Israeli Youth React To Yitzhak Rabin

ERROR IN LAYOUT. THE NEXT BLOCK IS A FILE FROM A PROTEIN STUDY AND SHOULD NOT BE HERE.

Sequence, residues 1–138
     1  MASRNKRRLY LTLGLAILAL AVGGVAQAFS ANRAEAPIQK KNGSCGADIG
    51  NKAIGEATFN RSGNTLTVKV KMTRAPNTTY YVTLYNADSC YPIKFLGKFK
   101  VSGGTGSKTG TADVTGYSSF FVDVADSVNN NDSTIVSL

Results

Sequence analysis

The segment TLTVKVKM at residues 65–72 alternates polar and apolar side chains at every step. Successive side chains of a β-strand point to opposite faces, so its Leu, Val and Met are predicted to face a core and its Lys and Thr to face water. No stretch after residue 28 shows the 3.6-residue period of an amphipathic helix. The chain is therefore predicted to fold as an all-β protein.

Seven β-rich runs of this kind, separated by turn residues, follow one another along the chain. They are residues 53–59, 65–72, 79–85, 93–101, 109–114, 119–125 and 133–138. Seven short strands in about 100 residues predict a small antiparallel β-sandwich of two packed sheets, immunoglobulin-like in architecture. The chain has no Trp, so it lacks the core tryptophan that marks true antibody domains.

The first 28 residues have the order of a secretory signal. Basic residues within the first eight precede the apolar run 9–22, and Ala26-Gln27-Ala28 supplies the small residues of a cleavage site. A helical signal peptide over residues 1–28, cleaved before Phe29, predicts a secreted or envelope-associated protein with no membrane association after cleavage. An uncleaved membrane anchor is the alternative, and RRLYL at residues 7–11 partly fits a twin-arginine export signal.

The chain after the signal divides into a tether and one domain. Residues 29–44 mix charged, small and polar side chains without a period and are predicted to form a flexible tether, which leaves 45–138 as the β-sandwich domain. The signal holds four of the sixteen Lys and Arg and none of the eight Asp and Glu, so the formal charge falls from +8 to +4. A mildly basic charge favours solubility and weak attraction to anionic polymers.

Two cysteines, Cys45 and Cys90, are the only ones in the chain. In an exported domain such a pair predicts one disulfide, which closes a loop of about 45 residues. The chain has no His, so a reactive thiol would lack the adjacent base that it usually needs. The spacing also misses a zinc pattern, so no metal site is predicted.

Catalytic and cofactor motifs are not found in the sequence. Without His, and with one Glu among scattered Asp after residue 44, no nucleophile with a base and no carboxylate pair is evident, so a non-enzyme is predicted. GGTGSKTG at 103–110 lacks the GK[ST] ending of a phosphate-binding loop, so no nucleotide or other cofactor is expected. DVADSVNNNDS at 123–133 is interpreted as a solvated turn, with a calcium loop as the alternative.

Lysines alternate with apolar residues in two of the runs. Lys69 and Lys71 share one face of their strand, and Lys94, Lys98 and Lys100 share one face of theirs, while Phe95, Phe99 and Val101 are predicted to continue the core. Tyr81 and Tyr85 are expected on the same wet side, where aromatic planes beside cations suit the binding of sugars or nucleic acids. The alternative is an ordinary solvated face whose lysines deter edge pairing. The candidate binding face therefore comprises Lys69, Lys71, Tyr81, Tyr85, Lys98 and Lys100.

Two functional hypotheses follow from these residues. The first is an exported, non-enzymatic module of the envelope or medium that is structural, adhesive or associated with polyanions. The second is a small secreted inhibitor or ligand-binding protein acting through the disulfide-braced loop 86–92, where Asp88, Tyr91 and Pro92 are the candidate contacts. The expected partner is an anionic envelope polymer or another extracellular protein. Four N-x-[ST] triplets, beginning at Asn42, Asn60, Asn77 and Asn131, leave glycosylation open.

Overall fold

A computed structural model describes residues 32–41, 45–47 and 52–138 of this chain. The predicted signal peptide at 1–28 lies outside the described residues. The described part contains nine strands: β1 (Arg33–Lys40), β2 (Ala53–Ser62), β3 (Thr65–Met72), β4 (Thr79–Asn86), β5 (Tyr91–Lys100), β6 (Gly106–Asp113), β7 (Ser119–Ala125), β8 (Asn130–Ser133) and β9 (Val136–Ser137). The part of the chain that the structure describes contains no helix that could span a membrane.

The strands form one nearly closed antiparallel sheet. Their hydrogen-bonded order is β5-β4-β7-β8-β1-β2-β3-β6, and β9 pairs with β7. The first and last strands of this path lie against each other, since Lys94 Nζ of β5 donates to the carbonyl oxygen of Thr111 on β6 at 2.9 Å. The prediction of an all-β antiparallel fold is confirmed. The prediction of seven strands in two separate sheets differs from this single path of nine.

TEL AVIV--I was six years old when JFK was assassinated. I remember walking past the Catholic church on the corner of my street in Metuchen, New Jersey, quiet and frightened. I wasn't sure what a Catholic or a president was, but I kept glancing sideways at the church, certain that this most important man in America was in his coffin. Minutes after the late Israeli Prime Minister Yitzhak Rabin was shot down by a right-wing assassin in Tel Aviv last Saturday night, the world media was already comparing his death to Kennedy's. The assassination marked the end of innocence for Israel, pundits declared. On one level, the comparison seems too facile. Israel has "lost its innocence" before, with the 1982 invasion of Lebanon, the massacre at the Sabra and Shatilla refugee camps, the outbreak of the Palestinian Intifada in 1988. The Knesset is no Camelot, and Rabin was an elder statesman, a founding father, not a fair-haired young knight in shining armor. But with Rabin's brutal murder, as with Kennedy's, something fundamental has changed in the psyche of an entire nation. As soon as I heard the news at 11:15 Saturday night (Israeli time), I ran to Malkhei Israel Square in central Tel Aviv, the spot where the prime minister was gunned down at the end of an enormous and unexpectedly buoyant peace rally in support of the government. The tragic irony of the killer's timing hit everyone hard. Huge banners strung across the square for the rally, reading "In peace, not in violence," lay in tatters on the ground. The pavement was littered with Xeroxed copies of "The Song for Peace," a popular Hebrew song from the late '60s that Rabin joined the crowd singing minutes before his death. Hundreds of people were wandering aimlessly around the square, crying, holding each other, shaking their heads in stunned silence. Candles they had been holding for the rally were now stuck onto the hard pavement in dozens of brightly burning memorial circles. Around the blazing, smoking candles, crowds of mourners were singing spontaneously-the old Zionist songs of the '40s and '50s, peace songs from the '60s, popular Hebrew prayers. It was a surrealistic scene, something between Woodstock and the Battle of the Somme. Soldiers in uniform, their guns slung across their chests, wept openly. Three leather-clad teens, their hair streaked in punk shades of purple and lime green, sang the national anthem "Hatikva" at the top of their lungs, tears streaming down their faces. The striking thing about Rabin's mourners is how young they are. One million people-one in five Israelis-streamed past the prime minister's coffin as it lay in state outside the Knesset building in Jerusalem for 24 hours before the funeral. Thousands of people continue to gather at Malkhei Israel Square this week, lighting candles and singing songs. The overwhelming majority of them are youths. Malkhei Israel Square looks like a shrine to a martyred rock star. Kids hold candle-lit vigils throughout the night, strumming guitars and pinning hand-written poems to the cement walls. The notes show a deep sense of personal grief, as if written to a beloved grandfather rather than a political leader. "How could you leave us?" they write. "We miss your sweet smile," and "We can't go on without you." The words to John Lennon's "Imagine" and Pink Floyd's "Wish You Were Here" are scrawled on the walls in black magic marker. Flowers are strewn on the ground in front of photos of Rabin, which kids are pasting on every available surface. Yitzhak Rabin is an unlikely subject for teenage adulation. He was a respected, even a legendary political leader, but never charismatic or particularly beloved in his lifetime. When he was tapped to lead the Labor Party electoral list in the June '92 elections, supporters feared he didn't have the personal appeal to carry his party to victory. He was a dour figure, rarely smiling in public. Just hours after the murder, former Foreign Minister Shimon Peres said the Saturday night rally was the first time he'd heard Rabin sing. So what is it exactly these kids are mourning? As with JFK, they are certainly mourning much more than one man. They're mourning the loss of a sense of invincibility, of internal cohesiveness, of-yes-innocence. I've spent the past week interviewing young Israelis, and keep hearing the same sentiments: We no longer feel safe, we've lost our sense of security, we feel the rug has been pulled out suddenly from beneath our feet. One 16-year-old girl holding vigil in Malkhei Israel Square told me that whenever there was a terrorist attack or a political crisis, she'd wait for Rabin's voice on the television telling her that everything would be all right. "He'd calm me down, I knew he was always there to protect me," she said. "Now I'm waiting for his voice to tell me that this, too, will be OK. I feel so vulnerable." Israelis are all too familiar with death and terrorist violence. Half a dozen bus bombings and a slew of politically motivated murders of Israeli citizens by wild-eyed boys from Hamas and Islamic Jihad have jolted the nation at regular intervals over the past 18 months. But this killing was different. After each previous terror attack, Israeli Jews united. Divisions between the left and the right, between government supporters and opponents of the peace process, were forgotten as the nation stood together and mourned its dead. Now, one 27-year-old law student shot three bullets into the prime minister's chest and blew apart a 2,000-year-old taboo: Jews don't kill Jews. Not over political or religious differences. The last time it happened, the Second Temple fell. A rabbinic ban was placed on fraternal strife in the first centuries of this millenium, and it's basically held ever since. That's what hit Israelis hardest. The belief that we would always close ranks in a crisis has burst open into an ugly, violent chancre, and it's shaken the nation to its core. Everywhere I go, people are whispering in disbelief, "How could a Jew do this?" True, verbal opposition to the peace process had risen to new levels of vitriol in the past few months. Rabin was regularly heckled wherever he appeared, by right-wing protesters. They called him a traitor, they demanded his resignation, they brandished lurid posters: Rabin wearing the red-checkered Arab "keffiyeh" headdress, Rabin with soldiers' blood on his hands, even Rabin in a Nazi uniform. The opposition parties, led by the Likud, did nothing to stifle these outbursts. But murder? Unthinkable. At his arraignment Monday, Rabin's murderer said he was only taking the next logical step suggested by this verbal violence. "Israelis should be happy," he told the court, feigning surprise at his enormous miscalculation. The Israeli right toned down its opposition immediately after the assassination. Likud leader Bibi Netanyahu immediately announced his party's support for an interim government led by his long-time political rival, Shimon Peres, thus outflanking calls for early elections which would certainly result in a landslide sympathy victory for Labor. Labor leaders, meanwhile, are calling upon Israelis to support the current pace of the peace process in Rabin's honor. Rabin's widow Leah-whose resemblance to the late Jackie O was noted by foreign and Israeli TV commentators covering Monday's funeral-has made emotional appeals to the nation to continue in her late husband's path. The mood on the street is definitely left-leaning. Fence-sitters and even moderate rightists who thought the peace process was moving forward too quickly are moving into the government camp, and the entire right wing has publicly disassociated itself from the religious extremists it used to tolerate. Things have changed in Israel. National unity under fire can no longer be taken for granted. There's no danger of civil war, despite the dire threats of religious extremists in Hebron and Kiryat Arba. But divisions run deeper in our society than most people realized. An early 20th-century Zionist leader once said that when the Jewish state has Jewish policemen and Jewish prostitutes, we'll know we're a nation like all others. Israel has plenty of policemen. And prostitutes. Now we have political assassins. Do we have to be that normal?